The ABC television show "Lost" began with a plane crash and ended six years later as 13.5 million viewers watched the finale trying to decipher what had really taken place.
In the first episode (and in many subsequent flashbacks), a jumbo jet flying from Sydney to Los Angeles fell from the sky, crashing into what turned out to be a mysterious island.
For six seasons, the survivors of Oceanic Airlines Flight 815 traveled through time, battled polar bears and even managed to move the island. The viewers of this hit show were treated to 121 episodes of character development, love, revenge, morality, mortality, forgiveness, fate, existentialism and the afterlife.
Specifically, throughout the final season, the show referenced what appeared to be an alternate reality, where the same characters were on different paths from the one the viewers were used to seeing. In this parallel universe, a con man would be a cop, someone with no children would be a divorced single father, and an unlucky lotto winner would meet the love of his life even though she died in an earlier episode.
The show provided as many questions as it did answers, which is exactly why so many people liked it. The popularity of "Lost" was a rebellion against the known.
Too much in life is predictable. We predict presidential elections. We have weather forecasts 10 days into the future. We can predict to the minute when planes traveling thousands of miles will land. We know whether a wide receiver has two feet in bounds with almost complete certainty.
What we do not know is why there were polar bears on a tropical island (Relax, hard-core "Lost" fans. I am aware of the show's "explanation."), and that's OK.
However, given the fact that we are able to predict and know so much, subsequently helping our lives run more efficiently, why aren't we able to get more people to learn how to parallel park?
It is more worthy of head scratching than the fact that a smoke monster lived on an island and killed people.
For those who live in rural areas where parking is not an issue and for the generally uninitiated, parallel parking is when cars park parallel to a curb -- or in a line one after the other. This seems easy with ample space to maneuver, but when there is a car in front and a car behind, it takes some skill to squeeze into the middle spot.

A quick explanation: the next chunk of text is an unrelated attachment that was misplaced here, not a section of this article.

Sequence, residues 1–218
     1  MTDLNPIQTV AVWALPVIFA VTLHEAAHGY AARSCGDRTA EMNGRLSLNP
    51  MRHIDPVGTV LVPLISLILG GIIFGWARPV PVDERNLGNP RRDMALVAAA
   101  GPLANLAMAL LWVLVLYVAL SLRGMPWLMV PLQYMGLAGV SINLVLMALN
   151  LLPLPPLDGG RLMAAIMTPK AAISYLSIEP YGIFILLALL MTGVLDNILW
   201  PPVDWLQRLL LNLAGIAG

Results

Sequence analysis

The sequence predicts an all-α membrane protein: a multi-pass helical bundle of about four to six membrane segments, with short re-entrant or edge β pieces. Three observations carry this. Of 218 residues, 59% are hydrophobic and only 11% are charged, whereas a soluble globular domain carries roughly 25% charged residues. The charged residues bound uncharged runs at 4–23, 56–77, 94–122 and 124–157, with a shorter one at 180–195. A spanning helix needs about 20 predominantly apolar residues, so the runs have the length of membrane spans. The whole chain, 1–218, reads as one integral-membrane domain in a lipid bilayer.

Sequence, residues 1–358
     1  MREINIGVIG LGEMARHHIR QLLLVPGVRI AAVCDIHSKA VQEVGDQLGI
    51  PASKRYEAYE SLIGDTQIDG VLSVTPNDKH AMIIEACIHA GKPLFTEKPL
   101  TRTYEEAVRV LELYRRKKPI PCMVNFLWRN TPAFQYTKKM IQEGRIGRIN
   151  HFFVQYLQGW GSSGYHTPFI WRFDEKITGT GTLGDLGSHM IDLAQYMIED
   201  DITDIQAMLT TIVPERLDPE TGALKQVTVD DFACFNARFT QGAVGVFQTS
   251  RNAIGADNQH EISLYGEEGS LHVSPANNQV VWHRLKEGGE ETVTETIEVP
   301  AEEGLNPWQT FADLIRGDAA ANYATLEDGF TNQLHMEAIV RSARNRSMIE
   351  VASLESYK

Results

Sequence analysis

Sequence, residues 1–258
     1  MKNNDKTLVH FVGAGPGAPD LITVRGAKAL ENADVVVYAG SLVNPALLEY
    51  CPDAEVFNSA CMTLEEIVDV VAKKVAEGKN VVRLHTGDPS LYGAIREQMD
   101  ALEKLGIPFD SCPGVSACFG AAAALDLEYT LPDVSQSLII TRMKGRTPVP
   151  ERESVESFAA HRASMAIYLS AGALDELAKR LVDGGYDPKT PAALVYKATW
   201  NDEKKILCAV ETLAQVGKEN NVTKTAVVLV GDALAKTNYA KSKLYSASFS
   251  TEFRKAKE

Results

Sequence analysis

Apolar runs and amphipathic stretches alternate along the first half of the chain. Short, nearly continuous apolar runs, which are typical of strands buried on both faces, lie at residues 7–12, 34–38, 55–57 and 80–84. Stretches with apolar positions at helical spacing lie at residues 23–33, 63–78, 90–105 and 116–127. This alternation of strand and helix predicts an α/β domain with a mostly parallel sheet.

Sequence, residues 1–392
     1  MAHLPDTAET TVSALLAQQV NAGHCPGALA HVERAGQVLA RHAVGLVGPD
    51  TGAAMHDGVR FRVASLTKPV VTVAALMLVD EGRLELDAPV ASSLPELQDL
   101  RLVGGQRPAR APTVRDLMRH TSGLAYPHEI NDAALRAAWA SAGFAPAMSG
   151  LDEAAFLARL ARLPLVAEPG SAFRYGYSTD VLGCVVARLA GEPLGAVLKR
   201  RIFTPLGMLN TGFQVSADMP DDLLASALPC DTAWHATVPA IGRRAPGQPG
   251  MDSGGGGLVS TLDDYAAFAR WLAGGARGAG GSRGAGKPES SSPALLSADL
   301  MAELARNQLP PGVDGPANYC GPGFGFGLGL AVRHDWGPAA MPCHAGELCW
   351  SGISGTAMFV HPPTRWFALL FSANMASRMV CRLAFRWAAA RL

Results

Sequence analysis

I have noticed that the ability to parallel park is not stressed so much as it should be.
To get a driver's license in California, you need to know the speed limit when approaching a railroad crossing (15 mph), but you do not need to know how to parallel park. That is arguably more difficult to understand than the explanation of the parallel universe in "Lost" (a quasi "purgatory" for the characters).
The difference is that "Lost" was a television show produced for the viewers' entertainment, which translated into weird stuff happening a lot of the time. On the other hand, knowing how to parallel park should not be afforded that same luxury of ambiguity. "Lost" was meant as an escape from everyday life and the known world. Unfortunately, people have that same attitude when it comes to knowing how to park.
This is not a rant against poor parkers, but rather a public service announcement. It is meant to help those who are less fortunate than those of us who take pride in being able to fit an SUV into a tight spot without love-tapping (gently hitting another car).
If you know how to parallel park, that's a good thing and something of which you should be proud. If you do not know how to parallel park, the first step is admitting you have a problem. The second step is doing something about it by learning how.
Just like riding a bike or surviving a plane crash, the only way to really learn anything is to do it. That said, the next few sentences should give you a head start.
The most important thing in parallel parking is confidence. Know that you can and will get into that spot. Once you've got your mind right, line up your mirrors with the car in front of you. Put your car in reverse, and move (slowly, slowly) straight back. Right before you're about halfway into the spot, start turning the wheel toward the curb. Right before the car gets so close to the curb that your wheels touch, that's when you cut it (dramatically turn the wheel in the opposite direction). At this point, you're either in the spot or you're not. Feel free to straighten out with some Austin Powers-like back-and-forth maneuvers until you're good to go.
Finally, don't be afraid to start over. Quitters never win, and winners never quit. If you took a bad line getting into the spot, pull out and line up the mirrors, and then give it another shot from the top. Who knows? Maybe your alternate self in a different universe is awesome at parallel parking.